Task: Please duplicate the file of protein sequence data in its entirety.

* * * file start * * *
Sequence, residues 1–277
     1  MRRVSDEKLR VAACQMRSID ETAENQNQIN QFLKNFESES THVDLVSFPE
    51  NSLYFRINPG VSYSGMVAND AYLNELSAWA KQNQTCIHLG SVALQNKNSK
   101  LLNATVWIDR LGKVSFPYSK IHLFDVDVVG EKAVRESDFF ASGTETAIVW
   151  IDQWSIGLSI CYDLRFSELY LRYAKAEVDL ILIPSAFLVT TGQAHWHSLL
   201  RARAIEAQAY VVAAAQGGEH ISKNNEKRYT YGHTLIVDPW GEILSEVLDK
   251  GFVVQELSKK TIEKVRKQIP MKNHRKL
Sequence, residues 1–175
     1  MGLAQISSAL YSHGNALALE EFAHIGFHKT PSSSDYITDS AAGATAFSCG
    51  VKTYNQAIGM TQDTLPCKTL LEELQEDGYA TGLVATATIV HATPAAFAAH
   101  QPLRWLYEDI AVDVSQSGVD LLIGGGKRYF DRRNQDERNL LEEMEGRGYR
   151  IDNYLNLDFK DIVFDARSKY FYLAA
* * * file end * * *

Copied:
Sequence, residues 1–277
     1  MRRVSDEKLR VAACQMRSID ETAENQNQIN QFLKNFESES THVDLVSFPE
    51  NSLYFRINPG VSYSGMVAND AYLNELSAWA KQNQTCIHLG SVALQNKNSK
   101  LLNATVWIDR LGKVSFPYSK IHLFDVDVVG EKAVRESDFF ASGTETAIVW
   151  IDQWSIGLSI CYDLRFSELY LRYAKAEVDL ILIPSAFLVT TGQAHWHSLL
   201  RARAIEAQAY VVAAAQGGEH ISKNNEKRYT YGHTLIVDPW GEILSEVLDK
   251  GFVVQELSKK TIEKVRKQIP MKNHRKL
Sequence, residues 1–175
     1  MGLAQISSAL YSHGNALALE EFAHIGFHKT PSSSDYITDS AAGATAFSCG
    51  VKTYNQAIGM TQDTLPCKTL LEELQEDGYA TGLVATATIV HATPAAFAAH
   101  QPLRWLYEDI AVDVSQSGVD LLIGGGKRYF DRRNQDERNL LEEMEGRGYR
   151  IDNYLNLDFK DIVFDARSKY FYLAA